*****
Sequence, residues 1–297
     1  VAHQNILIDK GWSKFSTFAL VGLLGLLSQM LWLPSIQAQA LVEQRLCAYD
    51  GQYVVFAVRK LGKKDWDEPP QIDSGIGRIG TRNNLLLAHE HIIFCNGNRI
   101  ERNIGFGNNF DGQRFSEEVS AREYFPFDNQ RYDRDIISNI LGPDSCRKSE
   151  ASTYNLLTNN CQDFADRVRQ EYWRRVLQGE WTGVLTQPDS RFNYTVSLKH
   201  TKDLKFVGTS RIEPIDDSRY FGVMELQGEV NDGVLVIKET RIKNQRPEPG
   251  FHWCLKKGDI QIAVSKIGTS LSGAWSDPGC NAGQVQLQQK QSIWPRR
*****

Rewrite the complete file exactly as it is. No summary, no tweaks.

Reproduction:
Sequence, residues 1–297
     1  VAHQNILIDK GWSKFSTFAL VGLLGLLSQM LWLPSIQAQA LVEQRLCAYD
    51  GQYVVFAVRK LGKKDWDEPP QIDSGIGRIG TRNNLLLAHE HIIFCNGNRI
   101  ERNIGFGNNF DGQRFSEEVS AREYFPFDNQ RYDRDIISNI LGPDSCRKSE
   151  ASTYNLLTNN CQDFADRVRQ EYWRRVLQGE WTGVLTQPDS RFNYTVSLKH
   201  TKDLKFVGTS RIEPIDDSRY FGVMELQGEV NDGVLVIKET RIKNQRPEPG
   251  FHWCLKKGDI QIAVSKIGTS LSGAWSDPGC NAGQVQLQQK QSIWPRR